3. DO change your return positioning. A lot of players return serve from exactly the same spot. Just like servers should think about serving from various spots along the baseline in order to exploit different angles, returners should also seek to give the servers a different "look". Sometimes, stay more to the backhand, other times slide more to the forehand; stay further back and move in; stay further in and move back. The key is trick your opponent to server into your wheelhouse so that you can take control of the point. If you're just a stationary mannequin, the server will develop a blind spot with regard to your presence. At that point, it's just a serving practice for him. Make him think that unless he does something special you are there to put him on his toes.

4. DON'T assume that your opponent will just serve to your weak shot. A lot of returners become obsessed with protecting their weak wing (e.g. backhand) so much that they fail to register the times they are beaten to their strength (e.g. forehand). Especially on key points (e.g., 30-30; 30-40) look for the opponent to sneak a good serve to your strength and then swing the next shot to your weakness. It won't happen every time but if you stay clear-headed you will spot the times when the server will attempt to neutralize your strength.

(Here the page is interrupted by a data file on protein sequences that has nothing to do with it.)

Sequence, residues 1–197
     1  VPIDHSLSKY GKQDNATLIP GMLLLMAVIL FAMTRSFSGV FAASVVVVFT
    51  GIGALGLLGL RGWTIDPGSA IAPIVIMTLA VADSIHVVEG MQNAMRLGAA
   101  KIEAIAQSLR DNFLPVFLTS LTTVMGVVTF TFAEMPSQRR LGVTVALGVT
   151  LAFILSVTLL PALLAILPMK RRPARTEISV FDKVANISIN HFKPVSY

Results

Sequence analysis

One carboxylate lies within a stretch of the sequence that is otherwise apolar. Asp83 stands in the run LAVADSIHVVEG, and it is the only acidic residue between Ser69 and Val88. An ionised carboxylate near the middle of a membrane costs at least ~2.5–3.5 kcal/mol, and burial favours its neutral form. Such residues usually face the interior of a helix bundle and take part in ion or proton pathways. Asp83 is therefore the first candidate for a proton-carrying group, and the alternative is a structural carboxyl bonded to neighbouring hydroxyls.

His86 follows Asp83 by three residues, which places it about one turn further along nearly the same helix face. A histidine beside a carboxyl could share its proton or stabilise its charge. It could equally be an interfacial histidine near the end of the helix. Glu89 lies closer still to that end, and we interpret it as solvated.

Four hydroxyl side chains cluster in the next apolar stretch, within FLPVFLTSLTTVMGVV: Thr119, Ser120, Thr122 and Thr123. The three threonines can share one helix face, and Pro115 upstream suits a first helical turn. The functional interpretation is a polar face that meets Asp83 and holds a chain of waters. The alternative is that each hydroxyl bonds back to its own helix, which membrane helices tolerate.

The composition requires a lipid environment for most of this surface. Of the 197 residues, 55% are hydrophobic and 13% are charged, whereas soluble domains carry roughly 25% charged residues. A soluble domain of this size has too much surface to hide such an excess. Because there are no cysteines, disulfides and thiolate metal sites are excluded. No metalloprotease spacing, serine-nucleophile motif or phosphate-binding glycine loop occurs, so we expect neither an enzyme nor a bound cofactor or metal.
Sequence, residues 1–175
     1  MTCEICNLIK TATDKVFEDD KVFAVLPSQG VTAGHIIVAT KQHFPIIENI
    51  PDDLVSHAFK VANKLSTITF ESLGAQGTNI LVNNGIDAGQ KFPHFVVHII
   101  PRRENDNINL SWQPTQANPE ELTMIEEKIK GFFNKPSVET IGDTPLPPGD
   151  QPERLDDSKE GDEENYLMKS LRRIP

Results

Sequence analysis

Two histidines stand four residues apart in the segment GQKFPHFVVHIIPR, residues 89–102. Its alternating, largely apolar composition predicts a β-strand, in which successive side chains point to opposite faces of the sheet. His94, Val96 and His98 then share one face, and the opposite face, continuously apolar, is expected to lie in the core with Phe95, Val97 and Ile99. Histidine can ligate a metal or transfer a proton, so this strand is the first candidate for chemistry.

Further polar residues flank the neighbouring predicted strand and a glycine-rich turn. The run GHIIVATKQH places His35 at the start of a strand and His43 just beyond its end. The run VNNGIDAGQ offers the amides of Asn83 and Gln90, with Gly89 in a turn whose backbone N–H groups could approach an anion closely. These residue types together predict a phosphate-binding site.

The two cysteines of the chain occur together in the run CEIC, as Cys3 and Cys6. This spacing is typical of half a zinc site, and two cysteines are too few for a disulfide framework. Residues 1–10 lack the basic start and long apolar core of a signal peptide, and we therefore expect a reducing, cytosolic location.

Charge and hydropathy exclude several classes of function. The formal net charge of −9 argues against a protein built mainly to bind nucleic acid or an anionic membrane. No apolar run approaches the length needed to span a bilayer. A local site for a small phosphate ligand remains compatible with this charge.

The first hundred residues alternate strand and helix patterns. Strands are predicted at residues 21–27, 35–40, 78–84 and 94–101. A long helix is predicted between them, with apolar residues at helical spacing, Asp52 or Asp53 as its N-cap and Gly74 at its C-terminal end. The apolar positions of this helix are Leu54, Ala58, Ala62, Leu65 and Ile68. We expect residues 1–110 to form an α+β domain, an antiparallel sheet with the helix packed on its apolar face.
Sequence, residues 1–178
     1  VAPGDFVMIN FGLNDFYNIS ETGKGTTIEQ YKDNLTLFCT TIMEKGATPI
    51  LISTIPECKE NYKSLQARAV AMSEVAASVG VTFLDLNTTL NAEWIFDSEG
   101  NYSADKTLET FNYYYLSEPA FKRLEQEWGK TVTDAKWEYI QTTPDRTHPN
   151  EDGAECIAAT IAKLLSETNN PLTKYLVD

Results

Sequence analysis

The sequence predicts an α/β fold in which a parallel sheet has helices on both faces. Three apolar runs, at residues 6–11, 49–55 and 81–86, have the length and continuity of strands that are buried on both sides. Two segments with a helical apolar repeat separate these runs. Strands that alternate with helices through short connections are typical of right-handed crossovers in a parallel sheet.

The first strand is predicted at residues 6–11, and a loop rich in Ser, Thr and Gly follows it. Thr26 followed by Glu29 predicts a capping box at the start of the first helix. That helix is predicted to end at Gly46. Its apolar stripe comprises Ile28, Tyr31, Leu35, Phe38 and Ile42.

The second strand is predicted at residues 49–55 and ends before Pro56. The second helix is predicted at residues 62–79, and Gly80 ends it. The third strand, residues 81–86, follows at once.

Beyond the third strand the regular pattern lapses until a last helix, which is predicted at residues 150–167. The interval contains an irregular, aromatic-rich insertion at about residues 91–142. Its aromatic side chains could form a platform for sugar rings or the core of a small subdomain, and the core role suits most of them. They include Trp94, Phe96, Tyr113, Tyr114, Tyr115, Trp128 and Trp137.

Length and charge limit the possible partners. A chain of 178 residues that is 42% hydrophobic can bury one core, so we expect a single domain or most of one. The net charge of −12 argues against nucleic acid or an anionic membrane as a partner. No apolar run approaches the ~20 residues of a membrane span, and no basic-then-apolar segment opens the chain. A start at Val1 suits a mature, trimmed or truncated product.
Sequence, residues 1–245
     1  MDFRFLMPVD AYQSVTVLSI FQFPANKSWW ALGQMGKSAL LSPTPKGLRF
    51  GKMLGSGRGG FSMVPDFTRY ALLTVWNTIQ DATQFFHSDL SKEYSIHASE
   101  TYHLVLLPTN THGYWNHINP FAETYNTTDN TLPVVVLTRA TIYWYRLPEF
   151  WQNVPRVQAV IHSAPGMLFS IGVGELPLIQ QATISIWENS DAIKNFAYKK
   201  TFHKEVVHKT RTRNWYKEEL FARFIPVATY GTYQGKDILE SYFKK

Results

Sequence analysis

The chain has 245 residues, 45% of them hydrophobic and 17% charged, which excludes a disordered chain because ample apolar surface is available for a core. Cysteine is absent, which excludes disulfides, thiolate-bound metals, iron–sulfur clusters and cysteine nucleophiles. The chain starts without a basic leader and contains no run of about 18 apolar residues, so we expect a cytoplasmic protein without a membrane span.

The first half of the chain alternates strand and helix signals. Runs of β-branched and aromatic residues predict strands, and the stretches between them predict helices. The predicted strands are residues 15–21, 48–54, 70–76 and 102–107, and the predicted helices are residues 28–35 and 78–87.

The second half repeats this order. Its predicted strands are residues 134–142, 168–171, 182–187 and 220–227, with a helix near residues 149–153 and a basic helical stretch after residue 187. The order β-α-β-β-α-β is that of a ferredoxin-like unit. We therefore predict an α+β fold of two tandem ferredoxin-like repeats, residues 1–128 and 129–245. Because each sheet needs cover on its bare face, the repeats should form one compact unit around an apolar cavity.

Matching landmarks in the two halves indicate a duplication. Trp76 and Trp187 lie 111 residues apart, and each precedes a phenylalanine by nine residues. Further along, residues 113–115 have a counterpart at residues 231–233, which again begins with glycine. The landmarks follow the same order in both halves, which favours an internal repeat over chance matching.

5. DO pressure the opponent's second serve. Once a game or, if you're comfortabe, even more try to come in on your opponent's second serve. Whether through a chip-and-charge play or topspin approach, force your opponent to pass you. Even if she does manage to get the ball by you, she will put more pressure on her second serve next time around which can result in more double faults. Passing shots are difficult to hit under pressure (if you move quickly and shut down the angles, the passer has very little room to work with) and the more you are willing to come in the more successful you will become at this play. 

6. DON'T approach the returns with a baseline mentality. It's helpful to think of returns are "topspin volleys" rather than ground-strokes. Groundstrokes are "swing-based" (power and control come mostly from the swing) where volleys are "movement-based" (power and control come mostly from your legs with controlled racket movement). Because of the nature of the situation (servers have an initial advantage), if you approach the returns with the mentality that you will swing at the ball, you will miss or mishit quite often. However, if you're thinking that you will utilize the server's pace against him (withough generating too much on your own), your movements will be quicker and more precision. Visualize smothering the bounce by moving forward and relying on shoulder turns rather than holding your ground and swinging "from your heels". With practice, your reaction will improve and you will give the server a shorter time to react.